US Department of State Daily Briefing #74: Wednesday, 5/13/92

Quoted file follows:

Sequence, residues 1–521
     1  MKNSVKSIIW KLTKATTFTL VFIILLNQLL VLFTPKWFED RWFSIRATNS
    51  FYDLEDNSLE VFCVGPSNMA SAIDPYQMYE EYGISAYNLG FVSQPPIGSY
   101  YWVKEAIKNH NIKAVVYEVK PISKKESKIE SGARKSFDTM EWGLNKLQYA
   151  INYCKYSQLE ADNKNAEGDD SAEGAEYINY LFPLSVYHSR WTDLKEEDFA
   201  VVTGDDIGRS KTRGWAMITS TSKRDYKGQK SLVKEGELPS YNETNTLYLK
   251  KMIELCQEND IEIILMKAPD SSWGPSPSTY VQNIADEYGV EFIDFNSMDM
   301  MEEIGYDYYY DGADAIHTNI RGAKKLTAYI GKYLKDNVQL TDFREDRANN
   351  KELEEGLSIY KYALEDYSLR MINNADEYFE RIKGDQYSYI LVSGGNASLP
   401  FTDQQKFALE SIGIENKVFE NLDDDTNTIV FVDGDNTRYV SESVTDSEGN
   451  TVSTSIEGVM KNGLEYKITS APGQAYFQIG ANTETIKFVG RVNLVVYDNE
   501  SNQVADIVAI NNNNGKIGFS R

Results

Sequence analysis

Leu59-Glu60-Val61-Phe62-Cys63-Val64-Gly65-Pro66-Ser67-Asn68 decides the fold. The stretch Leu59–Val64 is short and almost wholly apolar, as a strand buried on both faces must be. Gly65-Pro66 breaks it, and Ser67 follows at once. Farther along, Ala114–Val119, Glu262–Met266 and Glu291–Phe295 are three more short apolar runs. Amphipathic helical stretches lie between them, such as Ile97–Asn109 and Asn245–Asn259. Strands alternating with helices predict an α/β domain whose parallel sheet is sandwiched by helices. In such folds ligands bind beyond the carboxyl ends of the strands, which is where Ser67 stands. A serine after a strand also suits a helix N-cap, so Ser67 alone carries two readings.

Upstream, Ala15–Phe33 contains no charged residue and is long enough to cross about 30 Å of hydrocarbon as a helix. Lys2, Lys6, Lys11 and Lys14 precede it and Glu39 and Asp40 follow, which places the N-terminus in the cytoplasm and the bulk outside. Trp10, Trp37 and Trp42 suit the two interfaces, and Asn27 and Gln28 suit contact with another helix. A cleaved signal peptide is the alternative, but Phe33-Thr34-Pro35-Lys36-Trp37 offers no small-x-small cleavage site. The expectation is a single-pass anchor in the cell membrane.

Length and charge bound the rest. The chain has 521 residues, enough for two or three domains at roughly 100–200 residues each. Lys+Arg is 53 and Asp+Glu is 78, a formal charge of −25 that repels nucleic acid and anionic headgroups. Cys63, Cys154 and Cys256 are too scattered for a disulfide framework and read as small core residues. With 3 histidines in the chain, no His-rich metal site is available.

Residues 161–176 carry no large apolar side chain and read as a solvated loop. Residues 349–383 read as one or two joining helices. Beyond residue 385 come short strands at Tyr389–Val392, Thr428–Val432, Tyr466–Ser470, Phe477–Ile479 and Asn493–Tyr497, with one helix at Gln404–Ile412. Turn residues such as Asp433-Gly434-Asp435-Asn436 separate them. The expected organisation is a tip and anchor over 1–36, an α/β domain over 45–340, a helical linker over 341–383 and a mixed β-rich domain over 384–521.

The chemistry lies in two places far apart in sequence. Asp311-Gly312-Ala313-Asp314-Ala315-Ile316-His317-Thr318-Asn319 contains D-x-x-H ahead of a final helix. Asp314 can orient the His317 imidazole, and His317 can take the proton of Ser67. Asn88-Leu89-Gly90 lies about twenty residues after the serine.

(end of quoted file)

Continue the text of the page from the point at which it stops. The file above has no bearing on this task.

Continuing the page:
Tutwiler Source: State Department Spokesman Margaret Tutwiler Description: Washington, DC Date: May, 13 19925/13/92 Category: Briefings Region: MidEast/North Africa, Eurasia, E/C Europe, South Asia, Europe, Southeast Asia, Subsaharan Africa Country: Israel, USSR (former), Lebanon, Qatar, Afghanistan, Russia, Armenia, Bosnia-Herzegovina, Macedonia, Azerbaijan, United Kingdom, Thailand, Angola Subject: Mideast Peace Process, Development/Relief Aid, United Nations, State Department, Regional/Civil Unrest, Military Affairs, Arms Control 12:10 P. M. (ON THE RECORD UNLESS OTHERWISE NOTED) MS. TUTWILER: I don't have anything. I'll be happy to try to answer your questions. Q Your comments yesterday about the 1948 U.N. Resolution, do you have any elaboration on that? I understood you were supposed to get back to us with a posted answer late last night. I don't know whether you ever did. MS. TUTWILER: We did. Q You did. MS. TUTWILER: That was in response to Carol Giacomo's question, which was not on Resolution 194. I believe it was on Resolution 237. I'll be happy to state for you what we did post last night. On June 14, 1967, the United States joined the Council in unanimously adopting Resolution 237. We continue to support it. However, just as I said yesterday, with respect to U.N. General Assembly Resolution 194, we will not get into any interpretation of the terms and elements of either resolution. The issues raised in both these resolutions, like those raised in many other U.N. resolutions relating to the Arab-Israeli conflict, can only be resolved through a process of direct negotiations among the parties themselves. Outside parties are not going to resolve those issues. Clearly, the process of negotiations must take into account the needs and requirements of the parties themselves. What they determine through their negotiations is what matters. That's what we stated last night. Q Should those issues be dealt with -- the question, for example, of -- just to pick one -- of Palestinian right of return -- should that be dealt with, in the U.S. view, in the multilateral discussions on refugee issues? MS. TUTWILER: No. We've clearly said that we did not, and that's what I believe I just stated -- that it is not to be handled in the multilateral fora; that we believe that is for the parties to discuss among themselves, not in the multilaterals. Q If the session on refugee issues is about refugee issues, what's the rationale behind the U.S. feeling that this type of refugee issue ought not to be discussed there, or do you not consider it a refugee issue? MS. TUTWILER: Our strong position has always been, which is well-known to all parties, that it was not to be discussed -- our strong position -- at the multilaterals. Obviously, we cannot prevent sovereign nations, should that be their choice, of bringing up anything they want to bring up -- whether in that fora or any other fora. But that's our strong position. It has always been our position. In our opinion, as I just stated, it is an issue that can only be dealt with in final status bilateral negotiations, and we will not support any follow-up on this issue in the multilaterals if it is raised. We've made this position very clear to all the parties. Q Margaret, were those two resolutions mentioned between Israel and Washington during the -- you know, before the peace talks started when you were negotiating the format of the peace talks? Was that issue popped in? I mean, was it was mentioned by Israel or by you during those -- MS. TUTWILER: Was the issue or were these two resolutions? Q The two resolutions. MS. TUTWILER: The first I'd ever heard of the second resolution was yesterday when Carol raised it, and Alan raised the last one last week. I'm not aware of these two resolutions, but I'm not the expert or the negotiator who is attending all these hours and hours and hours of meetings that are going on. So I don't know that I can answer your question for you: "Has anybody ever raised these two resolutions in any meeting over the last eight or nine months?" I don't know. Q But, Margaret, these -- I mean, you said you're not familiar with them. Do they call for direct talks between parties in order to bring their resolution? MS. TUTWILER: That is very similar to a type of question that Mary Curtis asked me yesterday, which calls for an interpretation by us of these two resolutions, which I declined to do yesterday. I am declining to do so today. Q But, I mean -- what I mean is these resolutions were adopted by the Security Council. If I remember, 194 at least was. I don't -- MS. TUTWILER: On December 11, 1948. Q Wouldn't it be up to the Security Council to interpret them then rather than the United States Government or any other government for that matter? MS. TUTWILER: I'm really not going to engage in this debate. I have said that I was not going to yesterday. I'm not going to today. I will not be doing so tomorrow. We've given our reasons why, which I just have restated again twice today. Q Margaret, have you heard from the Israelis on this? Have they expressed concern? MS. TUTWILER: We obviously heard from the Israelis once, much to our amazement and especially my own, since I was the briefer yesterday and many of you were here, and no one who attended this briefing yesterday, who was in this room, had any trouble understanding what the guidance was. No one who reads the transcript could possibly have any trouble, nor did we see anyone who did except, to be quite honest, members of the Israeli press. And I read this morning any number of Israeli press stories that said I had made an announcement yesterday. I made no such announcement. If you will recall, I responded to a question which the transcript clearly shows. The transcript, in my opinion -- is there for all to see -- clearly shows that I said I would not be giving any interpretation on the terms and elements. When posed an example by one of your colleagues here in this room, I declined to engage on that subject. So I don't blame the Israeli Government for calling and saying, "What in the world is going on," when you're reading wild and amazing reports of what went on in this room. [Laughter] Q Wild and amazing. MS. TUTWILER: They were pretty wild when I heard about them. Q Is that the first time you've seen wild and amazing reports from that part of the world -- [laughter] MS. TUTWILER: No, it's not. Q -- about what goes on in this room. MS. TUTWILER: That's correct. But it's a weird way, I think that you all would agree with me -- to be a little bit serious, I know that the only commodity I have is my credibility, and I know that you all operate that way also. And it's a little different way to operate, and you all certainly -- you know, I'm not here to lecture you to do your own jobs -- but credibility, I think, does matter on both sides of this business. And to go out and say that I came out here and made this announcement -- I didn't make any such thing -- and to somehow say, as you all have read, that -- and I don't know who these people are. I have seen -- the Embassy sent me some press reports this morning, and it's comical to read. There is no way you could get from the facts, as we all -- and many of you were here yesterday -- know them to some of the -- that's why I called them "wild interpretations" of what I said. It's just -- yes, it was kind of amazing. Q Margaret, do you have anything on the reduction of food aid to Lebanon? MS. TUTWILER: Food aid to Lebanon? Yes. There's a story today -- and I can't remember where it is -- that the United States has stopped or reduced -- Q New York Times. MS. TUTWILER: Was that where it was? -- food aid to Lebanon. The truth is that we have not stopped food aid. The program is continuing at its normal pace for now, and the Save the Children Fund continues to act as the agent for importing and distributing food aid to Lebanon. The program will continue at least through 1993. There are reserves in country. Ships arrived in Lebanon with U.S. food on March 6 and March 13. Another ship with vegetable oil, rice and lentils is scheduled to arrive on June 12. After a one to two-year evaluation, the Save the Children Fund recommended cutting the program by 25 percent in 1993. We have been working on a phase out plan by the end of 1993; however, we will be taking into account the economic conditions in Lebanon when making decisions about the future of the program. Food aid has been a major component of our assistance program to Lebanon, but we have been looking at ways to shift our assistance from disaster relief and food aid to reconstruction. The United States Government has asked for an increase in other types of assistance funds to Lebanon in FY-1993, and those fall into the area of economic and reconstruction. Q An AID spokesman told me this morning basically the same thing, but that the United States had decided to reduce aid by 25 percent this year and is considering cutting it off in '93. MS. TUTWILER: I can only answer you with the information the experts gave me this morning. That's not my understanding, but I am not at AID and I'm not an expert on this. I did get -- I have the '91 numbers. We asked for the '92 numbers prior to the briefing, and I was unable to get them for you. I'll try to get them this afternoon. Q Margaret, just to clarify something you said, I think I just wasn't able to write it fast enough. MS. TUTWILER: That's O.K. Q You talked about a phase out plan, and I may be missing words here -- phase out plan by the end of -- MS. TUTWILER: By the end of 1993. Q Now, does that mean that you're going to work on having such a phase out plan -- such a plan available by the end of 1993, or does the United States intend to phase out -- does the United States plan to phase out aid by the end of 1993? MS. TUTWILER: My limited understanding of this is that the United States is in agreement with the organization Save the Children; that there needs to be a review or a look at the types of assistance that Lebanon needs now, and that that is what the United States is doing. It's my understanding that Save the Children themselves have said that a 25 percent reduction in food aid is what they believe is needed. The United States, it's my understanding, is that we are looking at new and different types of aid to Lebanon that will fall in the category -- if this is what is adopted -- of economic and reconstruction types of aid. So I'm not sure, Ralph, that there's a definitive answer right now for you. Q What is the rationale for the recommendation that need is diminishing, or is this just impossible to distribute in a chaotic situation? MS. TUTWILER: I don't know. Maybe Save the Children can give you what they base their criteria on. I don't have that with me. Or maybe AID can, which, obviously, has been dealing with this more than I have. Q Margaret, can you give us an update on the arms control talks today -- what the groups were doing and -- MS. TUTWILER: The multis? Q Yes. The multis. Is there anything you can say at all about the content? MS. TUTWILER: Basically I can give you the schedule, as I did yesterday. There's no, as you know, real substance -- not substance that I can say. They're obviously doing substance. [Laughter] I want to be careful. I don't want to have a wild story about this. Yesterday's talks -- I only spoke briefly this morning with some of the people -- they again were very serious and businesslike. The morning session consisted, as I believe you're aware, of presentations and discussions on the political setting for U.S.-Soviet arms control experiences together. There was also a presentation on the communications arrangements, both bilateral and multilateral, that facilitate our arms control and confidence building efforts. The afternoon session started with a presentation on the evolution of the confidence and security building process and was followed by presentations of two specific U.S.-Soviet agreements -- the Incidents at Sea Agreement and the Dangerous Military Activities Agreement. Today, it's my understanding, at 9:00 a.m., they will visit the On-Site Inspection Agency, which is my understanding is somehow connected to the Department of Defense. They will have a presentation by Major General Robert W. Parker, who is the Director, and by General Vladmir Medvedev -- Q Medvedev. MS. TUTWILER: Medvedev, General Head of Russian NRRC. At 12:30 p.m., there is a luncheon and discussion for heads of the delegations hosted by OSIA. At 3:30 p.m., there is a session for regional delegations and co-sponsors at the State Department. I don't have the specifics of that one yet. And at 6:00 p.m., there's an informal reception with members of the academic community hosted by the Center for Strategic and International Studies. Q Margaret, the way you describe it, it sounds pretty much like, as you said the other day, a seminar or a lecture seminar almost. MS. TUTWILER: That's what it was intended to be. Q Is there no communication between the other 19 parties? MS. TUTWILER: Well, sure. I mean, they're spending all day together every day. Q I mean, are they engaged in a dialogue with themselves in addition to responding to the United States and the Soviet Union? MS. TUTWILER: Have they broken off into separate groups? Not that I'm aware of. Q Well, during the course of the group therapy -- whatever you're calling it these days -- [laughter] -- do they discuss things among themselves? In other words, do the Israelis and whatever Arabs are there talk about the possibilities of Middle East arms control? MS. TUTWILER: I haven't been attending these sessions. It's a very good question. My understanding is, for instance, yesterday I said Ambassador Ross gave the opening presentation, followed by, he said, a little over two hours of other individuals taking the floor and speaking. It's not my impression that this is set up in a rigid fashion where there cannot be a free flow of dialogue and conversation. So I would be venturing a guess, but I would assume that, yes, they have had discussions. That's how it was always envisioned and set up, that discussions would follow speakers. It would be a pretty limited discussion if it was just the United States and the Russians who were discussing this. There are a lot of people here. My understanding is they are, but I'll ask those who are in the room. I'm not. Q All the speakers are either Russians or Americans. MS. TUTWILER: That's right. Q I mean, there are no speakers from the region. None. Nobody. MS. TUTWILER: Those are the "presenters." They're making the presentations. Afterwards, Ralph asked me, I believe yesterday, did anyone else take the floor and speak, and I said yes, they did. Q They speak in terms of commentary or ask questions or ask for clarifications, but, I mean, from the schedule, no speakers -- no formal presentation or even lengthy official presentations by the various parties such as occurred in January in Moscow. I mean, this is really a series of lectures being given by American officials, Russian officials, with the participants in the region asking questions, clarifications, making passing comments, but that's it. I mean -- MS. TUTWILER: Well, it may be a great deal of concern to you, and that's understandable, but the participants knew very well what they were coming to. We said all along, we've said it publicly, it was a seminar with discussion. I have read any number of comments by gentlemen that are attending these sessions, and they have been very positive about them. And, you know, I haven't personally heard internally or seen publicly complaints about the format, the structure, what has gone on. And so I don't know how to respond to your question, other than this was not some surprise that was sprung on the participants when they got here, and it is my clear understanding that there is indeed, sir, discussion. There are identified categories, which is not unusual for a meeting of this type, and that when a presenter finishes his presentation in that area, people are free to voice their opinion of it, take the floor and discuss that. Q Margaret, will the classes continue or -- MS. TUTWILER: The "classes"? [Laughter] And then Jim's got his "group therapy," and we keep calling this a seminar -- Q Right. MS. TUTWILER: -- with discussion and multilateral talks. Q Will the seminar with discussion -- we haven't seen the evidence of multilateral talks yet, but anyway will it -- MS. TUTWILER: They're all here. Q Will the discussion and seminar continue? MS. TUTWILER: We had a beginning and an ending date which we announced, as you know, weeks ago on this one. At the end of this, I feel certain that you will see an announcement from this group and from the other four groups of their next meetings and where those will be and the dates. Q Will there be final exams or papers due by the participants, or anything like that? [Laughter] Q Can we give a pop quiz? Q That's asked only partly facetious, actually. MS. TUTWILER: I understand. Q My question really is, will the participants -- is part of this seminar process to get the participants to respond, either later at another session or in writing or some way by drawing up papers on how these U.S.-Russian agreements might apply to their situations, or anything like that? MS. TUTWILER: I haven't asked that specific question, Ralph. I'm not sure that they've been tasked or been asked or thought about writing papers. I don't know that anything would prevent them from doing so. But I think -- I know, at least from the United States' point of view, and again from just reading comments that people have made to you all, that all I have seen is positive commentary, that this is a worthwhile exercise -- exactly what it was intended to be when we started discussing this, what, over a year ago. And we still subscribe to, and I don't know anybody that doesn't, that this is constructive, that this is useful, and the best model. Jim had asked me, I believe, why do you just have -- or someone did -- Russian and American speakers -- is that it is a very good model, in most people's estimation, of how did you start your talks. You know, how did this work. The types of things that the people in this region are very interested in, we are a good model for the good and for the bad, and here are experts who have dealt with this for years. That would be, in my mind, a learning experience. Q Margaret, is there any chance that we might give a pop quiz at the end of this in the form of a press conference? MS. TUTWILER: A press conference? All of the working groups, it's my understanding, are handling it differently. My understanding -- in fact, I read that the economic group in Brussels -- I read the Portuguese, I believe, made a statement afterwards, or maybe had a press conference. The group here has not decided to do it that way. I have asked on your behalf in advance of this meeting, and daily. They did agree yesterday, once all the parties got here, to the photo op with reporters of their tour of a facility here at this building; and I will re-ask again, at the end of this if they will -- either the host or the group -- meet with you all. Q And when is the end of this? MS. TUTWILER: Don't they stop tomorrow? Mid-day tomorrow. Q Before the sessions stop, is there any possibility the world might actually see one of these sessions take place? MS. TUTWILER: We asked on your behalf, and we asked when all the parties were here and there was no agreement by the parties that they wanted to be filmed. Sorry, we asked. Q There was an Israeli air raid this morning over south Lebanon. Would you see that type of action as being consistent with the spirit that prevail here at the peace talks? MS. TUTWILER: One, I only have press reports of that raid. We don't have any independent information about it. We have said in the past that anybody, anything that would or could be viewed as disruptive, obviously, we would call on those not to do so. There have been any number of examples and instances throughout this entire process where we have called on everyone to use the same type of philosophy. Q One other thing in that region, Margaret. MS. TUTWILER: On what? Q In that very area. There are reports from Qatar that the government there is arresting citizens of Qatar because they are -- arresting them -- denying them access to their passports and denying them the right to leave their country because they reportedly asked for more public participation -- democracy and voting -- in Qatar. Are you aware of that, and do you have any comment? MS. TUTWILER: I haven't heard about that. I'll be happy to look into it for you. Q Margaret, do you have anything on reports that Mr. Kozyrev is going to Afghanistan? MS. TUTWILER: Yes, I do. Not only are there reports, it is true. It is something that he and the Secretary have discussed. The United States sees the visit by the Russian Foreign Minister to Kabul as a positive step. We share with Russia the goal of a peaceful, political solution to the Afghan conflict and a peaceful transition to a permanent, broad-based government. We also hope that the Foreign Minister's visit will contribute to a humanitarian resolution of the prisoner of war issue, which has tragically affected people on all sides of this conflict. The United States urges all Afghan factions to work constructively for a final, political resolution of the Afghan conflict. Q We would be remiss if we didn't ask whether, since Baker and Kozyrev had discussed this, whether the United States would consider a similar visit to be a useful thing? MS. TUTWILER: The United States has made no decisions -- do you mean by the Secretary of State? Q Yes. MS. TUTWILER: By the Secretary of State, there is no suggestion or option that I'm aware of concerning a Secretary of State visit. As I said yesterday, obviously, we are in the process of reviewing the situation there concerning United States representatives. I would point out that the Russians have representatives there on the ground. We do not, as you know. So one of our main concerns is safety, as you know, and they are in a much better position with men there on the ground to facilitate their Foreign Minister's visit. But concerning U.S. representation possibly going back, that is something that, obviously, we are looking at, but there's nothing to announce and no decisions have been made. Q How close is that decision to being announced? MS. TUTWILER: I don't know that -- a decision has not been made, so I don't know when there's an announcement. It is something that we are moving ahead on, that we are looking at. Obviously, security is the major concern, but there's just nothing to announce yet. There's no decision. Q Margaret, as you say, they have people there on the ground. MS. TUTWILER: Correct. Q How helpful are they being to you, with giving you an assessment of what's going on? MS. TUTWILER: Excuse me? Q How helpful are the Russians being in giving you an assessment of the day-to-day situation in Afghanistan? MS. TUTWILER: I've never asked. I don't know. Q Margaret, do you have anything on Yugoslavia and the U.N. report that peacekeeping ought to be suspended in Bosnia? MS. TUTWILER: The report, it's my understanding, is expected to be made public today. There is not -- before I briefed -- scheduled a Security Council meeting yet to present the report. We do not literally have a copy of the report down here. So that's all I know on the report and what they will decide. Q And the situation in Bosnia, do you -- MS. TUTWILER: I have an update. Last night, joint Serbian forces continued heavy shelling of Sarajevo. The JNA continues to control the airport. Joint Serbian forces continue to widen their control of the city in intensive street-to-street fighting. We understand that in Sarajevo food supplies are desperately short to non-existent. In some districts even bread is unavailable. There is nothing to feed small children, with no milk or baby formula. The city has also run out of medical supplies. Elsewhere, very heavy Serbian shelling and fighting continues in Mostar. We understand that that city is without water or electricity. Reports indicate that for want of better alternatives, residents have begun burying their dead in the town park. Sometimes intensive fighting and shelling continues in several other towns in Bosnia-Hercegovina, reportedly causing many thousands of additional displaced persons. As you know, yesterday, we had the refugee number at over a million -- the United Nations number. In recent days, fighting also increased in eastern Croatia, including Serbia and JNA attacks on several towns. I also would like to let you know that Ambassador Zimmermann is still there. The reason he is still there is that he is working on an urgent basis, desperately to help the UNHCR and other international relief organizations which are hoping to send two convoys of emergency aid to Sarajevo from Zagreb and Belgrade over this weekend. He is there helping these international organizations; and the United States contribution to this effort will be food. But, again, as I said yesterday, even humanitarian relief convoys are finding it, if not impossible, next to impossible to get into these areas. But he is, yes, leaving. I knew you would ask, "Why is he still there?" This is the reason he is still there. But, yes, he's coming out. Q Yesterday, the Foreign Minister of Bosnia testified on the Hill and called for the international community to make the airports in his country international zones so that food aid might be delivered. Is that something the United States could support? MS. TUTWILER: It's something, Johanna, that I'd have to take. It's something I'm not familiar with legally, all the ramifications, etc. You know that, after we met with him, we did send in six airplanes, and our concern there was, obviously, safety, and Ambassador Zimmermann had to work very diligently. As you remember, the airport at that time could be open by those who were controlling it. They did, indeed, open the airport, not only for our humanitarian relief, but for former Secretary of State Vance's visit, etc. I don't know about this idea. I'll be happy to ask. Q Margaret, what about the general issue of -- the option of an airdrop of supplies; not landing but, as was done with the Kurds, just parachuting it in or something? MS. TUTWILER: That's another suggestion I just haven't heard anyone discuss yet. I'll see if anyone is looking into that. Right now, what I know we're looking at are these two convoys. I would assume that the UNHCR and these international organizations are working with those who control these access routes to see if you can have a safe passage for this humanitarian relief. Q Just out of curiosity, in view of Mr. Baker's interest -- after talking with the Bosnian Foreign Minister, I guess, three weeks ago or so, whenever he was here, why didn't the Secretary see the Foreign Minister this time? MS. TUTWILER: I don't know. I don't know if the Foreign Minister requested to see him. I believe, on this visit, that I did see that he saw Deputy Secretary Eagleburger. I don't know if it was a scheduling conflict, and I honestly don't know if he even requested to see the Secretary. The last time he had requested to see the Secretary on an emergency basis and we were involved in altering the Secretary's schedule to accommodate his. He had that afternoon, I recall, a commercial flight that he had to get to get of here, to get back. So I just don't know, Ralph, if he even asked this time. Q Margaret, is the Macedonian leader coming to Washington for consultations here? MS. TUTWILER: I've heard something about that. I'm not sure if there's -- I'm not sure what the answer is. Q Do we have any comment on the Philippine elections? MS. TUTWILER: Not yet. Q You're preparing to do something, but just not today; is that it? MS. TUTWILER: My understanding is that it's still unofficial and it's unofficial until May 18. Q Do you have any sort of assessment as to how fair it was, how -- MS. TUTWILER: Not yet. Q Margaret, in view of the cease-fire, U.N. efforts in Yugoslavia are sort of coming to a standstill, where do things stand on NATO expanding its responsibilities into this situation? There's talk at that level about -- MS. TUTWILER: There had been talk. I don't know where that stands. It's something -- there's nothing new that I know of. Q In light of developments, there's nothing new on that? MS. TUTWILER: There's nothing new that I'm aware of. Q Margaret, since the Chilean President has been here, has the Administration and Chile sealed their deal for aircraft sales? MS. TUTWILER: I would leave that, or any types of Chilean announcements, to the White House. That's where they are right now meeting. Q The U.S. Government has shown a very strong reaction to Serbs attacking Bosnia-Hercegovina. A similar attack is occurring in Nagorno-Karabakh. Armenians are trying to capture and annex the Azerbaijani territory to Armenia. It has become common knowledge that the attacks are waged from the Armenian territory by tanks and actually with Armenian air support. What would be the reaction of the U.S. Government in face of this serious situation? MS. TUTWILER: Sir, we have spoken out equally as forcefully concerning that situation. The Secretary of State has had any number of meetings with the various Foreign Ministers. That is something that we have continuously and consistently called for, just as we have in Yugoslavia, a cease-fire, a dialogue, negotiations, and for whatever is resolved, for it to be resolved peacefully. We call on all of those who have the authority, or the leadership to influence, going that route versus a violence route to please support, obviously, the peaceful route in that situation. Q Do you have anything on the attacks being -- MS. TUTWILER: Which attacks? Q -- mounted from Iran? MS. TUTWILER: From Iran? Q Yeah. MS. TUTWILER: I haven't heard about attacks from Iran. Attacks from Iran, is what you said? Q The air support from Armenia. MS. TUTWILER: Okay. Sorry. Bill and I both misunderstood. I can't speak to a specific attack. As you know, we have, I think, consistently spoken out on that situation. It's a situation that is obviously of concern to us as it is to many others. The Secretary spoke most recently -- I believe it was last week -- with the Foreign Minister of Armenia, and he has spoken, I believe recently, with other Foreign Ministers concerning the situation. Our policy has not changed on that anymore than it has on the Yugoslav situation. Q Margaret, once our Ambassadors -- I mean the EC and the American Ambassadors are gone from Belgrade, what will be our capacity of maintaining some kind of dialogue with authorities in Belgrade? MS. TUTWILER: Our Number two man in charge, the DCM, will be there. He will have that capability. There is no, at this time, decision to pull down Embassy personnel there, and they will continue doing their work, as they have. And as you know, in this unique situation, they were all either accredited or sent to the country of Yugoslavia. Obviously, Yugoslavia, as we all know it, no longer exists, and the situation has evolved. Their duties and their contacts throughout the former Yugoslavia have obviously changed also, and they will continue those. Q Margaret, what's the status, by the way, of U.S. review of the issue of recognition for Macedonia? MS. TUTWILER: Still under review. Q Would you say that there's coordination going on with the EC on that subject? MS. TUTWILER: We stay in close contact with the EC concerning that subject. I'm not aware that the EC made a decision at their most recent meeting where this was discussed, which I believe was Monday, May 11. Q And which model should we look to, those of us from the press, should we look to the model of the U.S. recognizing at the same time as the EC, or looking to the one where it recognizes it shortly after it learns of the EC's decision? MS. TUTWILER: I'm not sure which model we're going to follow on this particular decision. We like to keep a variety of ways that we deal with different situations, and I'm not sure that decision has been made. Q Margaret, the families of -- MS. TUTWILER: Excuse me. But I am positive that it will be closely coordinated. If not at the exact simultaneous moment, as in all the other majority of decisions, it will come very close to it. Q Margaret, the families of the British who were killed in the friendly fire incident have asked repeatedly for the pilots to testify at the inquest. What's the position of USG on that? MS. TUTWILER: I would refer you to the Pentagon -- Pete (Williams) did an extensive briefing on this yesterday and spoke on behalf of the Defense Department and the Administration concerning our policy. Ambassador Seitz, as you know, met with two of the families yesterday. He was already scheduled to be -- it's my understanding -- in Birmingham, England, for some speech, and that he met with two of the families there privately. He took that occasion to restate to them what our policy is. Generally speaking, as you will find when you see the briefing, our policy is that, no, we are not going to send the pilots for this. Q The reason I ask is that Pete's briefing came before a meeting with Mr. Cheney with our Secretary of Defense, and I was wondering if the situation had changed following the meeting with Mr. Rifkin? MS. TUTWILER: Not that I'm aware of, but the Defense Department could best answer that instead of me. Q Margaret, do you have an update on Arnold Kanter's visit to Thailand? And as a follow up, any decision yet on whether to release aid? MS. TUTWILER: There's no decision on aid; and I don't have a lot of follow up on Arnie's visit. I can post for you who all he met with, etc., and characterize his visit to Thailand. It has been a very good and constructive visit. But, no, I have nothing new for you on aid. Q But can you say anything about what message he delivered to Suchinda? The United States had said initially that it accepted Suchinda's accession to the Prime Ministership as constitutional. I just wondered whether you still thought it was constitutional and whether you said anything to Suchinda about how relations between the United States and Thailand might evolve with him in that position? MS. TUTWILER: To be honest with you, I don't have that level of detail of Arnie's visit. I'll be happy to ask his staff that's here if they could fill it in for you. Q Margaret, any reaction to North Korea's following through on their promise to turn over U.S. war remains? MS. TUTWILER: Our reaction is the same as the one the Pentagon gave yesterday. I would refer you to them. They did an extensive briefing on this subject also. I really don't have anything to add to what the Pentagon has already said on this. Q Margaret, do you have anything on the fact that one of the two deserters from UNITA, who is supposedly or alleged to be responsible for the murders of two senior UNITA officials, over which there has been some concern, and Mr. Baker wrote to Mr. Savimbi, is actually in Virginia? Is the State Department aware of it, and do you have any comment? MS. TUTWILER: My understanding is that we are aware of it. I don't know what particular comment we would have. I believe the man's name -- we had all of this yesterday -- is General Puna. Q Puna. MS. TUTWILER: Puna. Right. I just don't have a lot of specifics on it. But yes, my understanding is we're well aware that he's here. Q Thank you. MS. TUTWILER: Thank you all. (Press briefing concluded at 12:45 p.m.)